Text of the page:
Amendment No. 9 would allow people to bring a claim against LOCOG if it unjustifiably threatened to bring proceedings against them for a breach of schedule 3. In essence, the amendment aims to prevent LOCOG from acting in an unjustifiably heavy-handed manner when enforcing the provisions in schedule 3. We agree with hon. Members that that is an important principle, and we have already provided for it in paragraph 10(h) of schedule 3. Paragraph 10(h) will allow people to take action in relation to groundless threats regarding the London Olympics association right in the same way in which they currently can in relation to the Olympics association right under the Olympic Symbol etc. (Protection) Act 1995.
LOCOG has already said that its enforcement of schedule 3 will be proportionate and the steps that it has already taken bear that out. The experience of previous host cities is that a sensible balance is found and the organising committee, businesses and advertisers work closely together. I am sure that that will also be the case in London. The existing provisions in the Bill, the levers that the Government have in place with LOCOG, and LOCOG's commitment in the area mean that sufficient safeguards are in place to ensure that the powers in schedule 3 are not abused.
Amendments Nos. 10 to 14 all relate to the editorial and journalistic exemptions that we have created in paragraph 8 of schedule 3 to ensure that any form of legitimate editorial or journalistic work does not infringe the London Olympics association right. The principle of a journalistic and editorial exemption is obviously crucial. The proper balance must be struck between protecting the commercial viability of the London games on the one hand and preserving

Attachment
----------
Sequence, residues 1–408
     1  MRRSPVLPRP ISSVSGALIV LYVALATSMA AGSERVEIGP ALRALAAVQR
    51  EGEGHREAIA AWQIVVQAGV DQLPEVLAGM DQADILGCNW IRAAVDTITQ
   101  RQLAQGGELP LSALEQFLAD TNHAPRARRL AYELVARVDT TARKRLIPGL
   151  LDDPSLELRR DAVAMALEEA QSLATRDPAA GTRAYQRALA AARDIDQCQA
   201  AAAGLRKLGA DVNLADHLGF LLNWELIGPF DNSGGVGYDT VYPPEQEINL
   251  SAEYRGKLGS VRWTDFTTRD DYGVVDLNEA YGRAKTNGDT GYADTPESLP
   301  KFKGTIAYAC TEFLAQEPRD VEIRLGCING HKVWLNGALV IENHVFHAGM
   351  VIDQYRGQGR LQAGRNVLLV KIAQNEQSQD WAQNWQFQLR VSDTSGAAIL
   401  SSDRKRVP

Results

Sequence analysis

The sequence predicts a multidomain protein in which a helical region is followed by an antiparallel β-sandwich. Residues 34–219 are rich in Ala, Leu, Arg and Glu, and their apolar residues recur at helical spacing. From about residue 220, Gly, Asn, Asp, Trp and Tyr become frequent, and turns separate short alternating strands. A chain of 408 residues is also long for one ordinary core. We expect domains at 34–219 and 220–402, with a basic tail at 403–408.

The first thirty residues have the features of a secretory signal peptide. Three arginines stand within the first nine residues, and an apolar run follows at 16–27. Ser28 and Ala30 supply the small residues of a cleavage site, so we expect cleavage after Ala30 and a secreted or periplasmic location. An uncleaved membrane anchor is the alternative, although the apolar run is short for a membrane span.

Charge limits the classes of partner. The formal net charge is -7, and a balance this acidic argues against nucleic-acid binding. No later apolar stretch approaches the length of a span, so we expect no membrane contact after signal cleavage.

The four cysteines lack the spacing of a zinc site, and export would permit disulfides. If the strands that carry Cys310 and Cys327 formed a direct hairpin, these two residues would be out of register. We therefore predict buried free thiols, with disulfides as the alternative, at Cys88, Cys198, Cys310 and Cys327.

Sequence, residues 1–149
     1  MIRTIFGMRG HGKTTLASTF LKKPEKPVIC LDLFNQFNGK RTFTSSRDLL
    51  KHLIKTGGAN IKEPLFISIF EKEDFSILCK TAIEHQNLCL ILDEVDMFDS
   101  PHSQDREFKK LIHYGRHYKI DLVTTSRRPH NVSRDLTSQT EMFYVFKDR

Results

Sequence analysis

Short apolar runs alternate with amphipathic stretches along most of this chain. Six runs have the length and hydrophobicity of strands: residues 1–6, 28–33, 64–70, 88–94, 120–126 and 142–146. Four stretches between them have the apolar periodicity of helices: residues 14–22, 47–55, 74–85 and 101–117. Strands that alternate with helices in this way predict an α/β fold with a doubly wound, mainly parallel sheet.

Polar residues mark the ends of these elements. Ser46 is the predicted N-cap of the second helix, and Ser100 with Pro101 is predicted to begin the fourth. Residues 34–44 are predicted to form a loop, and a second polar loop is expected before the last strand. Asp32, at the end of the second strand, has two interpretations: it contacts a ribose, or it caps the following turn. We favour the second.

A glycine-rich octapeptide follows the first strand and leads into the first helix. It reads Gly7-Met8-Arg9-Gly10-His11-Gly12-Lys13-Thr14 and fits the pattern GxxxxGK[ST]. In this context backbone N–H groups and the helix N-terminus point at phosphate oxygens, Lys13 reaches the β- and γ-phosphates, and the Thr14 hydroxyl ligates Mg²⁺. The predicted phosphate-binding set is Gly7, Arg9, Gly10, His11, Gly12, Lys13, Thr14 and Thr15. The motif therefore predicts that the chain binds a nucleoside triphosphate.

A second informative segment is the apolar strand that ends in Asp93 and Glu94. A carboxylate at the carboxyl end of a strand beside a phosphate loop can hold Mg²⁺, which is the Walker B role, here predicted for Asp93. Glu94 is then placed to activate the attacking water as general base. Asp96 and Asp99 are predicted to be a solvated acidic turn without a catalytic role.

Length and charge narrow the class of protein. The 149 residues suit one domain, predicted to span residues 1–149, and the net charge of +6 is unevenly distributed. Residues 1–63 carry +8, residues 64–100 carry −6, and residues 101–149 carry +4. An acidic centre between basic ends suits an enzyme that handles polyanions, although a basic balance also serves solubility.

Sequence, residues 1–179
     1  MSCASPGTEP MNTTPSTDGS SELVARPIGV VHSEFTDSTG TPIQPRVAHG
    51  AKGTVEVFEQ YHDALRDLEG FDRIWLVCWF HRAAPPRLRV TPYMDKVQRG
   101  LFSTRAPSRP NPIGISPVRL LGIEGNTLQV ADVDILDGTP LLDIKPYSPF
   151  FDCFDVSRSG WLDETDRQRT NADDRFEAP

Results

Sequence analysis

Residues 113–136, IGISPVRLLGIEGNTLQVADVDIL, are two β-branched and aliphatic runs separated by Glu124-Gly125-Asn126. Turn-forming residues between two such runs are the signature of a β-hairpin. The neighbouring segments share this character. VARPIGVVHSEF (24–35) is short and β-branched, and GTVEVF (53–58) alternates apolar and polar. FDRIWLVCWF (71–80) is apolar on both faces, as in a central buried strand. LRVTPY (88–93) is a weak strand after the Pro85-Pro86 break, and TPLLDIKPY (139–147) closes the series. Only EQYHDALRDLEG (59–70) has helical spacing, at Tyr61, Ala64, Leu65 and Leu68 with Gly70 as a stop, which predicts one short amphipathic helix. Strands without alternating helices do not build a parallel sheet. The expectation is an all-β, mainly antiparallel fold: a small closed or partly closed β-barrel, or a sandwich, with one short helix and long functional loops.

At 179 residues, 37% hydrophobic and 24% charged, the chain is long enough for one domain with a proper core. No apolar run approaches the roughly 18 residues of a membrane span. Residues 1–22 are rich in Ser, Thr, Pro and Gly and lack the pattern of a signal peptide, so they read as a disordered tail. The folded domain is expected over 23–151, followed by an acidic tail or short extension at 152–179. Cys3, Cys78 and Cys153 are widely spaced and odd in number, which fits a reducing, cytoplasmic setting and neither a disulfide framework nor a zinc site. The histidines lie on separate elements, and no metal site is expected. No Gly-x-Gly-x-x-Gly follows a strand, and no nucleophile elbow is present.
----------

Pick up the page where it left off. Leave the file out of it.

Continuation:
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legitimate editorial and journalistic comment on the other. In particular, we must be careful to avoid a situation in which someone is able to exploit the games commercially by hiding behind a journalistic defence.
We believe that the careful exemptions that we have crafted in paragraph 8 of the schedule achieve that. They safeguard the London Olympics association right and maintain the essential freedom of the press. The inclusion of the term "necessary incident" in our proposed editorial and journalistic exemption is designed to prevent gratuitous use of the London Olympics. We want to prevent the proliferation of advertorials, the real motive of which is commercial gain, rather than genuine editorial comment.
It is also important to remember that for the purposes of schedule 3, people create an association between themselves and the games only if, in the course of trade, they suggest a commercial or contractual relationship, or a corporate or structural connection, with the games.
It would be unlikely that most editorial or journalistic works would create such an association. However, we understand the concerns of the print and broadcast media about the issue and we have been discussing the matter with them over the past few months. I can reassure them and hon. Members that only overt and explicit attempts to create an association between a media owner, or other entities, and the Olympics will constitute an infringement under our provisions. All legitimate editorial and journalistic practices will be exempt from the provisions in schedule 3.
Amendments Nos. 13 and 14 would ensure that news, current affairs, criticism and review were all covered by our journalistic exemptions. Again, I confirm that the current drafting of the Bill exempts such journalistic practice. We have been very clear when settling the policy that underlies the Bill that all legitimate editorial and journalistic practices will be exempt from infringing the London Olympic association right. We are confident that the Bill, as drafted, addresses the concerns that hon. Members have raised.